With prominent attendees enjoying catered buffets undisturbed in Georgetown's hallowed halls, the summit made a mockery of its "Islamophobia" hysteria. Meanwhile, Brown benefits from Saudi largesse, while promoting his views at events to which critics have no entrée. Clearly, those who feel besieged by nefarious "Islamophobes" are demonstrating a case of projection. Such behavior confirms Spencer's analysis of "Islamic culture" as "extremely brittle and insecure." Yet there will be no escaping this writer in the future


19-Foot High Cross Erected in Daley Plaza as ‘Constitutionally Protected Expression of Faith’

Thursday evening, a giant 19-foot high purple-draped cross was erected in Chicago’s Daley Plaza as the initial event of an Easter season observance that includes a nine-day prayer vigil, an Easter morning sunrise service and the display of an oversized image of the resurrected Jesus Christ (known as the Divine Mercy).

“The Easter cross and the image of the risen Jesus Christ represent a constitutionally protected expression of faith - the observance of the resurrection - by private citizens in a public forum," explained Tom Brejcha, president and chief counsel of the Thomas More Society, which joined with private citizens to co-sponsor the “Jesus in Daley Plaza” display.

“These Easter displays are privately funded and sponsored, bereft of any government aid or endorsement, and therefore are clothed and armored with the full protection of the First Amendment of our U.S. Constitution,” Brejcha says.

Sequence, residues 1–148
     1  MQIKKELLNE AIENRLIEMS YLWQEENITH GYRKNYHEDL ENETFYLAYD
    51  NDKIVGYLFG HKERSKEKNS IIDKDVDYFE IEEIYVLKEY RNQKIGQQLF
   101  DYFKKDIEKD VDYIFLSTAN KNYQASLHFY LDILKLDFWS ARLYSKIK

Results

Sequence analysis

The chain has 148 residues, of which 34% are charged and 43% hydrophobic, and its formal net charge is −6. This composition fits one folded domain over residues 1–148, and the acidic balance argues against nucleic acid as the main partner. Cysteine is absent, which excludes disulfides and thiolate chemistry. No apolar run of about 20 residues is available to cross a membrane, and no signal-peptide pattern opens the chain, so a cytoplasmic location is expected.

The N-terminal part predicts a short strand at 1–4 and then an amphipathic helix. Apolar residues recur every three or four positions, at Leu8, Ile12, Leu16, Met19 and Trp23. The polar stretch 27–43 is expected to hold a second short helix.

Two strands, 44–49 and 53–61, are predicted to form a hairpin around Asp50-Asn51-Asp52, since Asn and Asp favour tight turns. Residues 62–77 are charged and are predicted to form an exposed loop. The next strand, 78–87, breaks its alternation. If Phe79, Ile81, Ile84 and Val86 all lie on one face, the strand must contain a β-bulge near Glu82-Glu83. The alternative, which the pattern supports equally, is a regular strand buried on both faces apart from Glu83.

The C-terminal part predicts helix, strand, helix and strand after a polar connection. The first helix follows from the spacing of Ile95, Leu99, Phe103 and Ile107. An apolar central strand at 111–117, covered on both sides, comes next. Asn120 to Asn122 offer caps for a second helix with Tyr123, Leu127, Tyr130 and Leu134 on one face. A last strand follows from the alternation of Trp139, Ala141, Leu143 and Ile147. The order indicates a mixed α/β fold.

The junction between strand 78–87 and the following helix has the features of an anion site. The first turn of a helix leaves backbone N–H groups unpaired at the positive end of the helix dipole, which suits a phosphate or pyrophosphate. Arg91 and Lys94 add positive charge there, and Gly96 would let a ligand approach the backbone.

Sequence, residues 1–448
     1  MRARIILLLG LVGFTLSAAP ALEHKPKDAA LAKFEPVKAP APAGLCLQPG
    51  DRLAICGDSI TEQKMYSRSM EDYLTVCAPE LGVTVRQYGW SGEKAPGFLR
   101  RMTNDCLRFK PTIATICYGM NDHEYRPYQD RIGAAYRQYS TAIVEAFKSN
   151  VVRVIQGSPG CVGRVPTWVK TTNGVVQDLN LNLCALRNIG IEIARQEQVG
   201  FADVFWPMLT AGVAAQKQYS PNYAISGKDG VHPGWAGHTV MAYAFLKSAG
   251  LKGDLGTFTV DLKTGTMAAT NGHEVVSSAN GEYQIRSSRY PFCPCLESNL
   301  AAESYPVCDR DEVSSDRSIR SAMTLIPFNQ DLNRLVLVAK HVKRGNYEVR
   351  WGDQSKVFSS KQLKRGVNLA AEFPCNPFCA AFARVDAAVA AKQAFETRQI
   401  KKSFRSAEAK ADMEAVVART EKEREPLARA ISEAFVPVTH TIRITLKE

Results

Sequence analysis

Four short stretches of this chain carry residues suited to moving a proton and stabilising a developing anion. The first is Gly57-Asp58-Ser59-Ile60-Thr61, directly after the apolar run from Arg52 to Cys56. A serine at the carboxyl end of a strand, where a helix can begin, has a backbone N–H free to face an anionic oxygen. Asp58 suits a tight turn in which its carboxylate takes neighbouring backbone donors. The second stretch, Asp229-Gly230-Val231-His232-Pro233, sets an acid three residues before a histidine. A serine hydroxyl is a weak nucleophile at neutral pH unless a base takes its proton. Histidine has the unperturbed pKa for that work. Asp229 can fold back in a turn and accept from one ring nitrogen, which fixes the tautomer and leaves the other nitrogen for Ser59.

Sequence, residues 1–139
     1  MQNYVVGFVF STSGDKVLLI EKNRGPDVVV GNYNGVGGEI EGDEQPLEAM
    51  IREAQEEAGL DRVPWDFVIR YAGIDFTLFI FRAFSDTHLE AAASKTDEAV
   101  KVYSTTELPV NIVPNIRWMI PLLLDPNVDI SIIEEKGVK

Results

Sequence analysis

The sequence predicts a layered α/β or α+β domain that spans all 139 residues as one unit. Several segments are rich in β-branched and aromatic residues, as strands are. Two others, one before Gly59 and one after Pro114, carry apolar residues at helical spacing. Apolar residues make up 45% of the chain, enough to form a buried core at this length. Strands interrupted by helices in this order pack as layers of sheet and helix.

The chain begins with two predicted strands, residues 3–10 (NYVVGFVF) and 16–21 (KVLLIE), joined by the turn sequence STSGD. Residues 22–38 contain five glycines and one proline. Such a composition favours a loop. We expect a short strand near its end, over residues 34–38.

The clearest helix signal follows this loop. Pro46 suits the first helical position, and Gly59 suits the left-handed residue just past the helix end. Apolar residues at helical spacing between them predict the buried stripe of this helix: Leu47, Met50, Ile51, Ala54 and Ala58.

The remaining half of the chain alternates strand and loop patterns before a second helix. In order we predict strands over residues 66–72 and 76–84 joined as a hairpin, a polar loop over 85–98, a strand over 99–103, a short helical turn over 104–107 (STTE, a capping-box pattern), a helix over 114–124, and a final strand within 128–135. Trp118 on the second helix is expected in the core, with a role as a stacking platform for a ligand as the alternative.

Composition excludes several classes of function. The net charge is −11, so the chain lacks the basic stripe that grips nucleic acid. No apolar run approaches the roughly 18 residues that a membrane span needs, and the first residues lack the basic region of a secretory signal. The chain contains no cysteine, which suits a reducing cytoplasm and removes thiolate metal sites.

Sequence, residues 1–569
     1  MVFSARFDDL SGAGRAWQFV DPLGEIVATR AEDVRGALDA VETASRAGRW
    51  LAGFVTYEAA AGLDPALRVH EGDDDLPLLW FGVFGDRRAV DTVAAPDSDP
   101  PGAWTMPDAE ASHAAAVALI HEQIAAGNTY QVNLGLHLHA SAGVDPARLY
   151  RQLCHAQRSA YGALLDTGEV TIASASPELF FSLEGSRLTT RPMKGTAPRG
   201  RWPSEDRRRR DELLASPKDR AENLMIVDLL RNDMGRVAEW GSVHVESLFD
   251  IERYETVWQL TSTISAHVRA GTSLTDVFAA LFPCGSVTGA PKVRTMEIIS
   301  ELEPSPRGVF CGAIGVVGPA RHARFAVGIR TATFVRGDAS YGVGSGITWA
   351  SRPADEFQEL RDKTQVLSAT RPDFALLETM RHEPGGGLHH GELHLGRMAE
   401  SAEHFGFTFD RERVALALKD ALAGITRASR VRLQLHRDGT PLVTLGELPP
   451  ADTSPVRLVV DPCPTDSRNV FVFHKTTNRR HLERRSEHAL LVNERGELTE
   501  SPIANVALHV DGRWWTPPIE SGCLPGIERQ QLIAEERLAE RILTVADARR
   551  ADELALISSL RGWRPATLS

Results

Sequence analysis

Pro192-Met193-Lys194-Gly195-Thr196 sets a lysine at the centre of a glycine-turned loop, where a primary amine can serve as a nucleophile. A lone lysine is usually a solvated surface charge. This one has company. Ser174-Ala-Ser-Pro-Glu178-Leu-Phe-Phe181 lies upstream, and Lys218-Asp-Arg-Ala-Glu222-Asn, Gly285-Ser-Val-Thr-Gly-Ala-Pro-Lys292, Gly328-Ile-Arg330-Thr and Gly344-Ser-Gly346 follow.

The event will run around the clock through Sunday, April 23. On Easter Sunday, an interdenominational music and prayer service will be held, during which the drapery on the cross will be changed to white, traditionally symbolizing renewed life.


Shark attack in Western Australia: conservation policies value sharks over human life

Our insane shark-conservation policies have cost another life, this time a 17-year-old girl who was attacked in front of her parents and siblings.

I would like to say that this incident will be the turning point in this debate, that our politicians will finally realise we need to reduce the increasing number of aggressive, lethal sharks in our waters, but this is unlikely.

The forces against such action are deeply entrenched in all our major organisations. For example, Surf Life Saving Western Australia, where yesterday’s attack occurred, recommends six responses to sharks: research, education, surveillance, communication, preventive action (“shark barriers”, which can be built only in placid waters) and emergency response. It does not recommend the reduction of sharks, despite many fishermen in the state saying the size and abundance of large sharks, especially great whites, off WA are alarmingly high.

Researchers and academics whose careers depend upon continued funding into the behaviour and fragility of these “apex predators” long ago convinced politicians and large sections of the community that to reduce the number of sharks in our waters would be an ecological disaster.

So a teenage kid, doing what Aussie teenagers have done for more than a century, has died instead. She won’t be the last.

The Senate’s environment committee, chaired by Green Tasmanian Peter Whish-Wilson, will coincidentally hold public hearings into shark mitigation strategies in Perth on Thursday. If, when the hearings begin, the committee expresses sympathy for the latest victim’s family, it will be an act of breathtaking hypocrisy.

As reported in The Australian this month, the committee has already reached a conclusion that its job is to help revive the number of sharks in our waters, downplay the dangers they pose, dismiss methods that have proven successful in Queensland and Sydney, and educate the public about these “wonderful” and “extraordinary” animals.

Its priority is the safety of sharks first, people second.